Since we landed in Istanbul we have been privileged to see and experience so many wonderful things. But the last two days have left us speechless. Hamou from Morocco Explored picked us up from the Bab R'Cif, the gate of the Fes medina that had become our familiar porthole to the medieval labyrinth that had been a our temporary home for nearly a week. It was 8am. In the 10 hours that followed, until we mounted camels last night (see Johanna's blog), we encounter breathtaking scenery and saw people going about their ordinary lives in circumstances that defied our imagination.
Firstly the mountains: I have never considered gravel especially attractive. But imagine driving for hour after hour and seeing little else. Sometimes formed into the massive Atlas Mountains which form the barrier between the Sahara Desert and the Mediterranean. Then we drive through gorges of similar scale and form as the Grand Canyon, then onto plains, flat as flat as far as the eye can see .... All dust and gravel.
As the hours go by, into the late afternoon sand dunes begin to appear on the horizon and sand drifts encroach onto the road. We swing offload. About 10 kilometers across rocks and sand and we drive into a sand storm. For a few minutes the bonnet of our 4WD is not visible. Our experienced driver, somehow knows which direction to drive in. There are no landmarks. It is just rocks and gravel. He explains ... You have to fix your eyes on the point on the horizon where you know you are going - and don't deviate. Easy to say when every 100 meters he is swerving to miss dips, rocks and obstacles. Miraculously, as we drive on, a kasbah style building appears through the dusty air on the horizon ....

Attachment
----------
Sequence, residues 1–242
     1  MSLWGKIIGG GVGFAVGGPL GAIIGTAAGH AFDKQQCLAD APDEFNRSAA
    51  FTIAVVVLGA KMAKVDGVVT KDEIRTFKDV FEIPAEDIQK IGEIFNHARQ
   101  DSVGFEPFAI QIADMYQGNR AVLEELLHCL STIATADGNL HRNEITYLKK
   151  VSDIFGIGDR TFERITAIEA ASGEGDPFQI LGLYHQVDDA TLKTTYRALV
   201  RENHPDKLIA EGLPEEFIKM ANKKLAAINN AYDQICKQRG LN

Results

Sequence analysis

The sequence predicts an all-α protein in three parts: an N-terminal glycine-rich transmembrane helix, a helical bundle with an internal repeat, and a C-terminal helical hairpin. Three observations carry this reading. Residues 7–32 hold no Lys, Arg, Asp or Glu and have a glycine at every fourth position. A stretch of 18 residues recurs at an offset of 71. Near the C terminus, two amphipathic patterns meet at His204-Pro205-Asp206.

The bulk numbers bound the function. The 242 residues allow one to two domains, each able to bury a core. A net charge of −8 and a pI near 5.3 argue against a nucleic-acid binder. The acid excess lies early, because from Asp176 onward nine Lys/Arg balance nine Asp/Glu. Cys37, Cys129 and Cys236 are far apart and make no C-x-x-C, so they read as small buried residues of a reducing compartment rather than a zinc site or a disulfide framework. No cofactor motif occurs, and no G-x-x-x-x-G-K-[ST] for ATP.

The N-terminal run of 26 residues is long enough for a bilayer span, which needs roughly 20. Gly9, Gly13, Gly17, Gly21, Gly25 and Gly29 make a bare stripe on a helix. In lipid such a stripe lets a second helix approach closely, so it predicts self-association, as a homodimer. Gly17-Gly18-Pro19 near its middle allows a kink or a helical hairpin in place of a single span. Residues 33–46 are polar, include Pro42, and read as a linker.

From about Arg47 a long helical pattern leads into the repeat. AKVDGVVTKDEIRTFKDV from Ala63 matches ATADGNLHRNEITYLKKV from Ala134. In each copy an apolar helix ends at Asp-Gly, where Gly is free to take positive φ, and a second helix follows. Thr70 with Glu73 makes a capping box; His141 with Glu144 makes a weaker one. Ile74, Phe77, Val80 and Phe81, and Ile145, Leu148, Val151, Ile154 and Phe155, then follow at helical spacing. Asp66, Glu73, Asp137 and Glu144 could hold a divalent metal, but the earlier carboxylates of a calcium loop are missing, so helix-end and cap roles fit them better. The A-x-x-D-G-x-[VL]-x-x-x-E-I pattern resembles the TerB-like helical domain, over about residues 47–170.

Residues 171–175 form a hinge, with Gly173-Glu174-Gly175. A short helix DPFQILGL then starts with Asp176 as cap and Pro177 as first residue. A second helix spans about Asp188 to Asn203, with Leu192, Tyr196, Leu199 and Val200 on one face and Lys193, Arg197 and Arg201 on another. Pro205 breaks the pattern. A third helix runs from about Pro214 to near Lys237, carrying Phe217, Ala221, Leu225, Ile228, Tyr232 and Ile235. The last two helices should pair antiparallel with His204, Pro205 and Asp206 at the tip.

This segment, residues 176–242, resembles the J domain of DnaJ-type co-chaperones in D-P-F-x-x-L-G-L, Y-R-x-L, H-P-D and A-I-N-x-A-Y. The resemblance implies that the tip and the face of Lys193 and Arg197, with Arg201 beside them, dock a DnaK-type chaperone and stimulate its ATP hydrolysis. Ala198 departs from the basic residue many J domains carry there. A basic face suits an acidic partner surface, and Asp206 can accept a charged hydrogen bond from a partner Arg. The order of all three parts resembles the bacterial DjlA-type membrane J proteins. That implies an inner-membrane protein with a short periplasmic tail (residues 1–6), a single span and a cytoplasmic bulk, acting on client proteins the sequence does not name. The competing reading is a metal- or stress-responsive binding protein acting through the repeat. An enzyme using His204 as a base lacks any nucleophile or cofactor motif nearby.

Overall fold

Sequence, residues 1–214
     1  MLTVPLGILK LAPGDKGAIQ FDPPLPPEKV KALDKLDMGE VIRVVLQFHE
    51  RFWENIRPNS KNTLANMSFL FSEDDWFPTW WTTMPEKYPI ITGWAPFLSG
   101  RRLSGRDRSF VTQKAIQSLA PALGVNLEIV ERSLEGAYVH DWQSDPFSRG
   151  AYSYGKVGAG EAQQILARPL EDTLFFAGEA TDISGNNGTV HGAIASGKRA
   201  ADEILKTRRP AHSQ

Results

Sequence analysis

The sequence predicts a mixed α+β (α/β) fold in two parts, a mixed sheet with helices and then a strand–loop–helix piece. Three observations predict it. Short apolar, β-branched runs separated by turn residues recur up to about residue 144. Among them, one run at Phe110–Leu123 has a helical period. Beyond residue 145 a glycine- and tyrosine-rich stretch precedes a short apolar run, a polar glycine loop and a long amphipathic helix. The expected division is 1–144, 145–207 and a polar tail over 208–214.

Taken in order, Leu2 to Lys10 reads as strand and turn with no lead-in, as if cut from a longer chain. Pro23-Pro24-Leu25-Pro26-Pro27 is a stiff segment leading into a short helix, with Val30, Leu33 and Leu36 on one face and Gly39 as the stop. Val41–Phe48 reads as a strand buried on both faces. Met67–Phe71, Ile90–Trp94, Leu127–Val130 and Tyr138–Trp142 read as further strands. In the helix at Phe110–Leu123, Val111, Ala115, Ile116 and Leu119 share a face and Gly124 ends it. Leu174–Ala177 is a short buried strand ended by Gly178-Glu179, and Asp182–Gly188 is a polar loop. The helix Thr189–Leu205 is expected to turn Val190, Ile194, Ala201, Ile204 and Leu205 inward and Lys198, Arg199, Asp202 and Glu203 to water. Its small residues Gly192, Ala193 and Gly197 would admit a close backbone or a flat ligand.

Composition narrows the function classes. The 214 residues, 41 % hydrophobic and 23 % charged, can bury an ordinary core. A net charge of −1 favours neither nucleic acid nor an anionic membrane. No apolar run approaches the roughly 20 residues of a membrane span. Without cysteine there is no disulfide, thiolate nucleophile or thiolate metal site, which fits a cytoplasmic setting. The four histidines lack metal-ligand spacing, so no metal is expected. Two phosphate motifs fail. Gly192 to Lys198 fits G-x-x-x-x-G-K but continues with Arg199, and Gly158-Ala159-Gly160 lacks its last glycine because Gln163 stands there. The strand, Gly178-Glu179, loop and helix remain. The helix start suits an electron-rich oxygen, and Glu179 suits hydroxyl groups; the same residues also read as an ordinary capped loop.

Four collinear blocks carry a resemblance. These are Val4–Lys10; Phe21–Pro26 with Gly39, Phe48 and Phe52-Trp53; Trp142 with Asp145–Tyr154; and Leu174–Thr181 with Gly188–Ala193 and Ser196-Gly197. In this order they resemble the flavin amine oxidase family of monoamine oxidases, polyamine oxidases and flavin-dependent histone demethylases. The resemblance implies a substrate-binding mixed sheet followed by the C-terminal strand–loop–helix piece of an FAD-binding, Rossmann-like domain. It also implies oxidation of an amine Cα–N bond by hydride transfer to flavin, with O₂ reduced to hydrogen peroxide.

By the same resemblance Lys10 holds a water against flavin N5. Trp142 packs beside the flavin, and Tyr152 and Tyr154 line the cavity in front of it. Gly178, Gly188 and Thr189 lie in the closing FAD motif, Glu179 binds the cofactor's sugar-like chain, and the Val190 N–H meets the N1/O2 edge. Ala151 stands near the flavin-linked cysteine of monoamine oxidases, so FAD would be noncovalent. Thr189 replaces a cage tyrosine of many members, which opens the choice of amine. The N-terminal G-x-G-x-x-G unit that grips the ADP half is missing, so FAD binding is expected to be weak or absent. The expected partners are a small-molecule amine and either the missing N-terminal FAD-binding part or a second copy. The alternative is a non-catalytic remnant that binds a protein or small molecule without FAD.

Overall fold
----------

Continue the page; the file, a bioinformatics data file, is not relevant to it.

The landscape is one thing, but that cities appear out of nowhere in this harsh environment is another. Infact some of the oldest cities in North Africa are down here. Just mindblowing.
Hamou, our driver has become our tutor on all things Moroccan. All along the way he answers our bewildered questions and slips into tour guide mode as he explains in detail the history and peculiarities of every town and landscape we drive through, diverging frequently into explanations of Moroccan culture.
At the end of the day, words, and slightly less so, photos, will simply be memory triggers for us on an extraordinary encounter with Morocco on the south side of the Altas Mountains. I will however encourage you to click on Maria's photos (twice) to get an inclining of the countryside in which we have found ourselves privileged visitors.